Well, I think it's perfectly ordered, because position of the elements depends on their hash function, thus if that objects are immutable, then after you put them in the set, their position will remain unchanged. And everytime you, say, print your set you'll have exact the same elements order. Sure, you can't predict their position until their hash function is calculated, but anyway.

The hash function is not (usually) an externally visible or modifiable parameter of a set; moreover, even if you have an implementation where the hash function is known and well characterized, you can't specify the behavior when hash values collide. The usual summary of this is that the implementation of the set may impose an order, but the interface does not. 


To which definition of set are you referring? In my understanding, «set» is a name for a data structure that contains a number of unique elements and usually allows addition and deletion. Everything else is not guaranteed and may be subject to implementation. It doesn't say there is no order, but there is no specific order for every valid implementation. The use of hashtables is common, but using any type of list or tree is also possible. So the order might be through a hashfunction (already lots of possible implementations), or related to order of addition or ... 


Generic / abstract data typeThe definition of set from Aho, Hopcroft, Ullmann: 'Data Structures and Algorithms', AddisonWesely, 1987:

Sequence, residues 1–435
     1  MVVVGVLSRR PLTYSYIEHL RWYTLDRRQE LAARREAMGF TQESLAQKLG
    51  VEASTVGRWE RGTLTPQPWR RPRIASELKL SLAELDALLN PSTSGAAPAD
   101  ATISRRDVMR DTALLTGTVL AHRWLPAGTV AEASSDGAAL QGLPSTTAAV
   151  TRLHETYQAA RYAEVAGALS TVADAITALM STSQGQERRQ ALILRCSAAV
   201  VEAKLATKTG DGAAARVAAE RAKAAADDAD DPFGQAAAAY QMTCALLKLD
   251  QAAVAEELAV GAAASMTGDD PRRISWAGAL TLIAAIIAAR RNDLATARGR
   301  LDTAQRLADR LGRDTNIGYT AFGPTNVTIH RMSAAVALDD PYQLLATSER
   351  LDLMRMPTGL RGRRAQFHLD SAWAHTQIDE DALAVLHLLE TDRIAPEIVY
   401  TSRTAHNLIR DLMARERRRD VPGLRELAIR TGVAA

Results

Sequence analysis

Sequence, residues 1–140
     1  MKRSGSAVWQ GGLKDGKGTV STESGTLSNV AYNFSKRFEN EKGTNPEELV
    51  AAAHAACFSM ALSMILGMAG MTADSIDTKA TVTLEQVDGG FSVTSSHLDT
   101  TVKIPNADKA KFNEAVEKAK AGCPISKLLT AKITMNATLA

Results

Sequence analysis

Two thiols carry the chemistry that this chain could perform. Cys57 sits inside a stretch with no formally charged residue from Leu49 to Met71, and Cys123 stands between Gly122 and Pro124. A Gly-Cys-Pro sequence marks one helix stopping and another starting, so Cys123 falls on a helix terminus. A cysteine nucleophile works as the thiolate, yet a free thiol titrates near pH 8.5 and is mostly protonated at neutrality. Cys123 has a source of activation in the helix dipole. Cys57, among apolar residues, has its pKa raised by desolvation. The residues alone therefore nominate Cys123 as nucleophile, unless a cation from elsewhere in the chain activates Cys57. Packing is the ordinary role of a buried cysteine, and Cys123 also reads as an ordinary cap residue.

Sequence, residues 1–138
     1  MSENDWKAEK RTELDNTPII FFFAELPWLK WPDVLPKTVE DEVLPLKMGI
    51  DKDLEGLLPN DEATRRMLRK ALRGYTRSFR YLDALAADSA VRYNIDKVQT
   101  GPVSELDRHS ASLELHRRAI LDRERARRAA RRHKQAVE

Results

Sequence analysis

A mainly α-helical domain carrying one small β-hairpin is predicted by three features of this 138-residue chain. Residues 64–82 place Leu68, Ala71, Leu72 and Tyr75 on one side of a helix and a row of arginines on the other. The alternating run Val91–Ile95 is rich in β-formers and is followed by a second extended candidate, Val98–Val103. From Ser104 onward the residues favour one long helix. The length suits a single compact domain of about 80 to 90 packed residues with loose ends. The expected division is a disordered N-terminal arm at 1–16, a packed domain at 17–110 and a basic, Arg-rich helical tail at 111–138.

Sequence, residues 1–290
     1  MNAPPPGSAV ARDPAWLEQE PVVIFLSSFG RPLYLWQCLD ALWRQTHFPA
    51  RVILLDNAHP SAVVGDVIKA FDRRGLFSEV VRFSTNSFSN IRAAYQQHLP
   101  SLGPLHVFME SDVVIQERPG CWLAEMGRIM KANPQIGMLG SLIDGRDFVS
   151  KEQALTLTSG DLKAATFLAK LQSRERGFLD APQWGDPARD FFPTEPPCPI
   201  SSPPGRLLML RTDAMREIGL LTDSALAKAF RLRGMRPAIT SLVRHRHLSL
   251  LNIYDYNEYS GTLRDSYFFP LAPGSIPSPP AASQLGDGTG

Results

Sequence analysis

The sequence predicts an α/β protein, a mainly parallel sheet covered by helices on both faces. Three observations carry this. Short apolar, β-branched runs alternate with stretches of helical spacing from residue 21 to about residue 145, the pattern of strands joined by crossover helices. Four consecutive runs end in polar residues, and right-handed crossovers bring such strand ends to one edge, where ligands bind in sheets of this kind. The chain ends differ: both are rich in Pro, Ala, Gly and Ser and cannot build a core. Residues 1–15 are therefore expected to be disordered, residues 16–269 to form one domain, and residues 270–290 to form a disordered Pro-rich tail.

The abstract data type set does not have the characteristic of ordered or unordered. There are some methods defined which operate on a set  but none of them has something to do with ordering (e.g see Martin Richards: 'Data Structures and Algorithms'). Two sets are seen equal, if each element from one set is also inside the other  and there are no additional elements. When you write down a set (and therefore all the elements of a set) you need to write them down in some order. Note that this is just a representation of the appropriate set. Example: A set which contains the elements one, two and three can be written down as {1, 2, 3}, {1, 3, 2}, {3, 1, 2} and so on. These are only different representations of the same set. Specific implementationsIn different programming languages sets are implemented in different ways with different use cases in mind. In some languages (like python, JAVA) the standard set implementations do not expose ordering in their interfaces. In some languages (like C++) the standard set implementation exposes ordering in their interfaces. Example (C++):
(see C++ set).